TechSci Column: Lasers and sharks


Jackie Peterson, B&W Staff

Before I delve into the real tech news of the week, I felt everyone should know that sharks are attacking the Internet. Google’s trans-pacific fiber-optic cables have actually been targeted by the undersea predators since they were built in 1985. No one really knows the reason behind these attacks, but one theory attributes them to magnetic fields. Sharks can sense these fields and use them to hunt, and though the cables’ fields should be contained, it seems as though the sharks are sensing them nonetheless. Recently, there have been videos released of sharks attacking the cables, and shark teeth have been found embedded in them. Thus, has Google lined them with a Kevlar-like material to help shark-proof our precious Internet.

The only feasible segue between this and the rest of my content is sharks with lasers, which don’t really exist in real life but are actually sold as action figures over at ThinkGeek. It’s called “Shark With Frickin’ Laser Pointer,” and it’s only $12.99. You’re welcome.

You may not want to point that shark with a frickin’ laser pointer anywhere, though, because a man was just arrested at Tampa International Airport for pointing a laser pointer at four airplanes and a helicopter. The man, a 24-year-old Tampa resident, was charged with “misuse of a laser lighting device,” which is apparently a third-degree felony. According to deputies, his actions were meant as a prank, but the chief pilot of Tampa’s police air unit is having none of it.

“For the most part, it’s just people going out having fun,” he told The Verge, “But they don’t realize the consequences of (a pilot) being lased. It’s like a flashbulb going off in your face.” Apparently, it can take up to 15 minutes to get full vision back — a good reason to get upset about pranksters.

Lasers aren’t all bad, though. They’re being used in plenty of wonderful ways, one being to detect blood glucose levels without the traditional finger prick. A team at Princeton has developed a mid-infrared laser that can measure blood glucose levels without drawing any blood. The design works by pointing the laser at the user’s palm and measuring the dermal interstitial fluid rather than blood, which is almost as accurate. Right now, the machine is at 84 percent accuracy, or 4 percent above the required minimum, but the team is still working to improve it.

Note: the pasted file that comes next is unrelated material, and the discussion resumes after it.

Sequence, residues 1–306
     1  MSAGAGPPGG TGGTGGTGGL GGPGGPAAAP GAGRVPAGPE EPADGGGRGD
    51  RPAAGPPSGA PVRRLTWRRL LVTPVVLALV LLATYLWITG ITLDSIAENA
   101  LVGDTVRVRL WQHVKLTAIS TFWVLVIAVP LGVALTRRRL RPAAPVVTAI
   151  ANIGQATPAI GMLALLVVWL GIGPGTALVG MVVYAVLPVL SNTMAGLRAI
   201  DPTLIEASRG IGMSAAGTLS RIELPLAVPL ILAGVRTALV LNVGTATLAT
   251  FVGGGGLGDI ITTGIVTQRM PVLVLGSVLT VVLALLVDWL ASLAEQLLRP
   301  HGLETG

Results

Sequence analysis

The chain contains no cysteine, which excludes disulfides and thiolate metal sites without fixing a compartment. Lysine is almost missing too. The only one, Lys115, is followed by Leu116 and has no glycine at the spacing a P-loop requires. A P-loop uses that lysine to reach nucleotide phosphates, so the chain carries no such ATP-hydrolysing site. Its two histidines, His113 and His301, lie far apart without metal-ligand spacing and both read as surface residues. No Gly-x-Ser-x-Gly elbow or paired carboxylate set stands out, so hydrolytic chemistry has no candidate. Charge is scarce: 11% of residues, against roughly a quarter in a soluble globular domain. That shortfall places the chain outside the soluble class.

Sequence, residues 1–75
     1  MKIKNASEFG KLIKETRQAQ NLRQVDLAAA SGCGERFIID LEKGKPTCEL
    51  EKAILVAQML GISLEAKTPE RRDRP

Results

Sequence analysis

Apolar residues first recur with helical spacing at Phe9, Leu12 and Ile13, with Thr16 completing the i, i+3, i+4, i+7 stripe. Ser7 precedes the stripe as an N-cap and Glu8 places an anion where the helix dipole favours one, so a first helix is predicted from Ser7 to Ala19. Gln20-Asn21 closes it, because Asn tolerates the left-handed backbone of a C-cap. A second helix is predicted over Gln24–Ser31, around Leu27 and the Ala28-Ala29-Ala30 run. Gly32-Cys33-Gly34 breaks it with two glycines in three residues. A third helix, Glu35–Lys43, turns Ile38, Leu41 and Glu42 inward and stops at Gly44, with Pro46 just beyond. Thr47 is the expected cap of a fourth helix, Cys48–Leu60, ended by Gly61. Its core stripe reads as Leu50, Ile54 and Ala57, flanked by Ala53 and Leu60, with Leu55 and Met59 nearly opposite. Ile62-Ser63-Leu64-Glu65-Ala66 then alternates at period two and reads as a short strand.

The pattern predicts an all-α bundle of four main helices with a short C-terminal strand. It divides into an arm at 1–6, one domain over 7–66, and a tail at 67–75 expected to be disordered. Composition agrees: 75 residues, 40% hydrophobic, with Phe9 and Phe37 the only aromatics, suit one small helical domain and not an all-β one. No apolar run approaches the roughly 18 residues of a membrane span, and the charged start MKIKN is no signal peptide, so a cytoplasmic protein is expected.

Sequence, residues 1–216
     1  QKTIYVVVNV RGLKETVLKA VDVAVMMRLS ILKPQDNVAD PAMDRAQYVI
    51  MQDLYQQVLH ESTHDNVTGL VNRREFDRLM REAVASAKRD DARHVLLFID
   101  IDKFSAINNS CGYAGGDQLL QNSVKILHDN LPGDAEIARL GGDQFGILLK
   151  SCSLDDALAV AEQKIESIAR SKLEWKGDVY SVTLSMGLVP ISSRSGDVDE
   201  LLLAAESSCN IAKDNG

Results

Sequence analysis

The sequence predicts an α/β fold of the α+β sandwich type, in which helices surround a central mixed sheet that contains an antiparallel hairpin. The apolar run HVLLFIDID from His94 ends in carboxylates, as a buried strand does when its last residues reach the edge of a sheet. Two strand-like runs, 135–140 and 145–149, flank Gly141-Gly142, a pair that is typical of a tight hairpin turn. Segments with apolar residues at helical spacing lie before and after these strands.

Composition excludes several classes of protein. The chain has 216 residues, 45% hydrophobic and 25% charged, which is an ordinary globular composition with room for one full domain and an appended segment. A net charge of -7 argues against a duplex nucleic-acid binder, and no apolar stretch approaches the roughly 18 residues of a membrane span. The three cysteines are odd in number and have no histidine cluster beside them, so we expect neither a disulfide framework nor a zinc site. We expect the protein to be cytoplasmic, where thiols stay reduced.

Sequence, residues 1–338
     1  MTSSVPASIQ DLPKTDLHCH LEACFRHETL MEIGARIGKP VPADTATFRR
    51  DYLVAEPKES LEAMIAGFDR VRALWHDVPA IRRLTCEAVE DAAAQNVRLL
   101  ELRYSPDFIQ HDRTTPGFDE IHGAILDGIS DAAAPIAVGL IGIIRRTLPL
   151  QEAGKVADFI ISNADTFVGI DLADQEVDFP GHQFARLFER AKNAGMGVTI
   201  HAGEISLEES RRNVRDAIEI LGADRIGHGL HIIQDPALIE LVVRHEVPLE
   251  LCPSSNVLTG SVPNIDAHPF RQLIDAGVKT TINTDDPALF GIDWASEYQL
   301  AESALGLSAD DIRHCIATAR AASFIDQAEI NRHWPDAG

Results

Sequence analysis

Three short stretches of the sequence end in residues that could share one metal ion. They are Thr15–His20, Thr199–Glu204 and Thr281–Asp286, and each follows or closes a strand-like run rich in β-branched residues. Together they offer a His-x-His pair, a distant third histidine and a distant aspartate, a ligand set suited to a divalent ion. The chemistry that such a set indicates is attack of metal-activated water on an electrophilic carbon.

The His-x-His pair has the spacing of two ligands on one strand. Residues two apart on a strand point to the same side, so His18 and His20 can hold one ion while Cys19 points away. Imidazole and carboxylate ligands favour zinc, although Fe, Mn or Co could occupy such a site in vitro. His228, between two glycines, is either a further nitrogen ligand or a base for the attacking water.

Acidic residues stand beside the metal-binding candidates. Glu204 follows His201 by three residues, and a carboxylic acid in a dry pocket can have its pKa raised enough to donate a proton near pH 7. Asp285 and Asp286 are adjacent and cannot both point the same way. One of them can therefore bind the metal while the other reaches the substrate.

Cancer is also getting a new treatment thanks to lasers. The procedure, called Neuroblate, uses a laser a couple of millimeters wide to heat tumors until the cells die. The laser is pointed directly at the tumor, and the doctor has control over it the whole time. This surgery, while a bit lengthy at 10 hours, is less physically taxing and has a shorter recovery time than traditional surgery. Right now, it’s only being used for those who have already had surgery once before, but hopefully it will come into the limelight soon.

Lasers can do more than help our health, however. They have also helped scientists discover the buried remains of a “super henge” near the Stonehenge monument. The underground ruins are over 4,900 feet in circumference — about 14 times larger than the original monument. The new super henge has a large amount of new features, including over 50 10-foot pillars that may still be deep underground, 17 ritual monuments, massive prehistoric pits that may have been dug along “astronomic lines,” and a “long barrow” — a large wooden building used as a mortuary for bodies after something called “defleshing,” which sounds terrifying. The complex appears to have been built and modified over a period of around 11,000 years, but questions about its purpose are still being raised.

Laser mapping may be a trend in the coming years, as NASA is planning to point a laser-based device toward Earth tin order to map its forests in 3D. This isn’t just because everything needs to be in 3D these days — it should help to determine the amount of carbon our forests contain. GEDI, or “Global Ecosystem Dynamics Investigation,” will use lidar tech, referring to lasers and light, to send pulses to Earth’s surface and back, measuring the distance — and ultimately reporting the topography of the Earth. Researchers hope to use GEDI’s measurements to learn about land use and habitat diversity, as well as carbon measurements. The project is expected to launch in 2018.

Lasers seem to have a permanent and vital place in today’s society — even on a shark figurine’s head.

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